from 0.70 cmfh 10 0.40 cm1h. Also 1he onc~hour unit hydrograph has nO\\' ;1 pea], o f 6.0 1nl/s at 1.5 hours 11od a time base o r 6 hours. If a design Sll)l'O\ ha.;:; in1ensi1ies o r 4.0 cmlh and 3.0 c1n 1b for two conSt."Culive one hour intervals. cstiJU3te the percentage i.ncn:ase in the peak l)lorrn runoff and in 1he volume or flood runon: due 10 urbanisation.

    6.26 1·b e follo""·ing table gives tlle ordinates of'a direct-rwloffhydrograph resulling fron1 \\VO successi\re 3·h durations of rainfall excess values of2 and 4 cm, respectively. CX:rivc lhc 3-h unj1 hydtt).gtaph IOr the ca1chole1U.

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    The McGraw·Hill Companies Hydrographs 9

    Time (h)

    ()

    Oireict runoff(m·';s)

    O 120 480

    3

    12

    15

    IR

    21

    24

    27

    JO

    660 460 260

    160

    IOO

    50

    20

    O

    sp ot. in

    6.27 lltaracteristics of l\\'O catc.hn1ents J\1 and A' 1ne.asured fro111 a map are given be Jo,,-: Item

    Catcbmt·n t J\f

    Catchment tY

    L,. l

    76 kin 148 kill

    I06 l
    A

    271& k1n 2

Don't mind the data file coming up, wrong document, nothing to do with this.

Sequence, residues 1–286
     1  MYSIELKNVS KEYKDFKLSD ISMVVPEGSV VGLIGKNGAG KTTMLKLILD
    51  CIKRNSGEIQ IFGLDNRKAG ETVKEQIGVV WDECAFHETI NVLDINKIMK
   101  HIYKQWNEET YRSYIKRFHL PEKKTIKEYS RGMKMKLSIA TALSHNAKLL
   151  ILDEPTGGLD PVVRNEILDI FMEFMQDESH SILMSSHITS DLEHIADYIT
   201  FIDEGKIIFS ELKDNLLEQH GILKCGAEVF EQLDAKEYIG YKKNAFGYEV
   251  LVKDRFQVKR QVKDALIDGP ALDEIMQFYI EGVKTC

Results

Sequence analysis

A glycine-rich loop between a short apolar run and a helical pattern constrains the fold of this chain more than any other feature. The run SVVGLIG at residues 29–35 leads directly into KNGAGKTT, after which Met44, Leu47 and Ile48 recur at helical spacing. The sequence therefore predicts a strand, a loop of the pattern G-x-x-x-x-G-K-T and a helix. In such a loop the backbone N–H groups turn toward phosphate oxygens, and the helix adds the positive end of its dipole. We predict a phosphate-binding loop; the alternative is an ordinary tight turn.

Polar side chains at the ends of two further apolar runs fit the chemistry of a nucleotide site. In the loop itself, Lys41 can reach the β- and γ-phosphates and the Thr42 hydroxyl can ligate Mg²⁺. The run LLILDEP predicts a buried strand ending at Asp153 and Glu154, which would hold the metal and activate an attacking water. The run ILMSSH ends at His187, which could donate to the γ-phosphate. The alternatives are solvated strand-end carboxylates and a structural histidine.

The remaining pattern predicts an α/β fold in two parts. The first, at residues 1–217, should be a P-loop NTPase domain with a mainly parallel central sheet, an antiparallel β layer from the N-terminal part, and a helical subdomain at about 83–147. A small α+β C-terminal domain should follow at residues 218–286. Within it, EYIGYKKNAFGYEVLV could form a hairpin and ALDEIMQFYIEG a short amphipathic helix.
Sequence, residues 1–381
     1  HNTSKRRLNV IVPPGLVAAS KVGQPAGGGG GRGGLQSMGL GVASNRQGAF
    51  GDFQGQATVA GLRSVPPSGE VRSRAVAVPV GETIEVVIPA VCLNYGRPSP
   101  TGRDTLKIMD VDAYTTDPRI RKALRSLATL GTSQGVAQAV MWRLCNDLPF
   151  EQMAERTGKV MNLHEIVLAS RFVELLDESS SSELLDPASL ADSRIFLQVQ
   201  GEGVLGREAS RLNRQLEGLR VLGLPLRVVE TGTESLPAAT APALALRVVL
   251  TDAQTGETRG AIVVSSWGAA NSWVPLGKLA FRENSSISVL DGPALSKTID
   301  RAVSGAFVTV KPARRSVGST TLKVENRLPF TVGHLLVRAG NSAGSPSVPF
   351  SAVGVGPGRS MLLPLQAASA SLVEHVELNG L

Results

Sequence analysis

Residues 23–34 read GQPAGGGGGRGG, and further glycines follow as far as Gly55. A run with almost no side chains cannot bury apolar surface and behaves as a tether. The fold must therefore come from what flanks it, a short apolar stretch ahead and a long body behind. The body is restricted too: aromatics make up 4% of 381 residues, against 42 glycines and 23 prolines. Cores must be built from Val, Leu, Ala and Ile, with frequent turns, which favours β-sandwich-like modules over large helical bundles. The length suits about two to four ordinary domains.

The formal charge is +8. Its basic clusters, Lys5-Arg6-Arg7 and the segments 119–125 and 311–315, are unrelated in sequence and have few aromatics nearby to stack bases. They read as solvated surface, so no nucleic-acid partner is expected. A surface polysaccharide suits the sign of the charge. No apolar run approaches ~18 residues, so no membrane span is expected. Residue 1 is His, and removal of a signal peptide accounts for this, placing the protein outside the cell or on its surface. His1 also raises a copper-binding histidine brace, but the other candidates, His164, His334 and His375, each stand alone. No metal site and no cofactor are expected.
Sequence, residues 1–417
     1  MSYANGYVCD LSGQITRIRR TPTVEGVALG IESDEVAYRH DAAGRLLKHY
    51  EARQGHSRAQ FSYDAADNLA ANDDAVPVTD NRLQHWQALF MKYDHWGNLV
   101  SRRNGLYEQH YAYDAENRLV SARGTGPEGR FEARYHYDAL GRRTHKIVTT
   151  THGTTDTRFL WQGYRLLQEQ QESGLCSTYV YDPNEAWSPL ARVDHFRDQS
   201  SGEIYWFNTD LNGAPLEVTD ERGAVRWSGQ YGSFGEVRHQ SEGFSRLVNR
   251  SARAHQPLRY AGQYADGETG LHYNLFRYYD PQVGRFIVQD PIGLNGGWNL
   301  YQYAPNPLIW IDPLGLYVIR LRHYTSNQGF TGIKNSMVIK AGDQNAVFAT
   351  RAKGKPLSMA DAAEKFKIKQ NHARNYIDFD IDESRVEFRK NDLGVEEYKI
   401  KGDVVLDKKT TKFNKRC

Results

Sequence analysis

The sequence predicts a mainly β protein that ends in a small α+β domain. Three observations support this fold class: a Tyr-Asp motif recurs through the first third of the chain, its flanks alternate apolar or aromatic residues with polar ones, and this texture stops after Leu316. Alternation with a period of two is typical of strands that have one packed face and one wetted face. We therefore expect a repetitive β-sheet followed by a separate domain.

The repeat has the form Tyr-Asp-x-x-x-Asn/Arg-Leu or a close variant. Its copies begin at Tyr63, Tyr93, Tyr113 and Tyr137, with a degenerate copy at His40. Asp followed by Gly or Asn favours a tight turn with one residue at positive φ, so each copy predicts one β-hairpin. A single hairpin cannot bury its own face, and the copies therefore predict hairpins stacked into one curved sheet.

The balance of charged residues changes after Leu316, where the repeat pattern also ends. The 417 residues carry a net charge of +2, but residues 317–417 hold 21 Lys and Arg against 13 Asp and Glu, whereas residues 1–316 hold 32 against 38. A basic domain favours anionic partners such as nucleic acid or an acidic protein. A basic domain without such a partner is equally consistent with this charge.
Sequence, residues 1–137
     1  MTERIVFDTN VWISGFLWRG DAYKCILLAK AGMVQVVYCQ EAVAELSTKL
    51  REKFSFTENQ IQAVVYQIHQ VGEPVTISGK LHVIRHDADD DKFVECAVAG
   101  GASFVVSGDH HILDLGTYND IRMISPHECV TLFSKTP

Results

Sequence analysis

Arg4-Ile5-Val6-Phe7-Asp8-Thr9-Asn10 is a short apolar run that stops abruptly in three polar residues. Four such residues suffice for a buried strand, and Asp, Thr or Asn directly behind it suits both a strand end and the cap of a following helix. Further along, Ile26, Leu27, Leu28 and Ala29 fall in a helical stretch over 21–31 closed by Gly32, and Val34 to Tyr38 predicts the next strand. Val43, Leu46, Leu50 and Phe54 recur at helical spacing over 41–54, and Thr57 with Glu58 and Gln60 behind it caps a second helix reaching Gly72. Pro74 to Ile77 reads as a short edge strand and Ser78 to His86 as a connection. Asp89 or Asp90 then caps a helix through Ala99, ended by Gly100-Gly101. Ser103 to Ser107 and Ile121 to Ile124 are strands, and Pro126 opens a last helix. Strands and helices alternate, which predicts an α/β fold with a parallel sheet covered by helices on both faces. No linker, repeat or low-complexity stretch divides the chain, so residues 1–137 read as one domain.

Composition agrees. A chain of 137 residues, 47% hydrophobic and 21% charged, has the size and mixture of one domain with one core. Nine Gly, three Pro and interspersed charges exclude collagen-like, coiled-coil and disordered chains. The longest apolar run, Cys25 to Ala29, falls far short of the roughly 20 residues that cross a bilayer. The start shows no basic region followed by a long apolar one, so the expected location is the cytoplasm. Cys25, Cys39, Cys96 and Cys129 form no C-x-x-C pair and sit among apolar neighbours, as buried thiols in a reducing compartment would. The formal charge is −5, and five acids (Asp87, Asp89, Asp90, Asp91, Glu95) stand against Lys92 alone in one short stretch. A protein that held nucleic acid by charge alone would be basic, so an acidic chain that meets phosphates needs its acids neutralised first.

52 kin

    1400 k1n 2

    For 1he 6--h u1lil hydtograph in couch1ne111 1W, the peak d ischatge is at 200 1n'/s and occurs at 37 h li"o1n the start of the tai1llilll excess. Assu1ning the catch1ne111s ,\·/and 1Vare 1neceotl)logically sirnilar, de1ennine 1he elen'lenLs or the 6-h syntl1etic unit hydrograph for catduoent N by using Snyc,k:r \; metho
    6.2-8

    f\ basin has an an:-.t or 400 l:m 2• and tht rollov··ing ehanu.;lcri$ti<:s: l =basin length = 35 km

    1nethod. 6.29 Using the peak

    disc.hllfl.~e

    log

    l~, =Length up to the centroid of lhc OOsin = 10 km Snyder's coetlicients: (..~ = 1.5 and(.~= 0.70. Deve.lop syn1he1ica.Uy the 3-b synthetic-unit hydrograph lbr this basin using Snyder's

    and tirne to peak "alues of the unit hydJ\)gra.ph detived in

    Prob. 6.27, de ..·elop the full uni1 hydrograph by using 1he SCS d imensionle;$-uni1

    hydrograph.

    s.b

    6.30 The rainfall excess of a s.tonn is nlO<.lclled as /(1) = 6 emls for 0,; 1 $4 h

    ata

    1(1) • 0 for 1:;,4 h 11le corresponding direct l'wlolr hydrograph is expressed in tern:\S of depth over unit (..1't!Chmtnt urea per hour (cm,·11) a:; for 0StS4 h Q(1)=6.0tc.11\!l1 for 8>1<:4 h Q(1)=48 - 6.01envh Q(1)=0 1>8 for

    where / is in hours. Detenuine the (i) 4-h unit bydrograph of the catchment and oorresponding S-curi.•e ol' tlle c-.atch1nent (ii) 3-h unit hydrogen of the catch1nent. 6.3J 1\ 2-h unit hydrogro1>h is given by {,~/)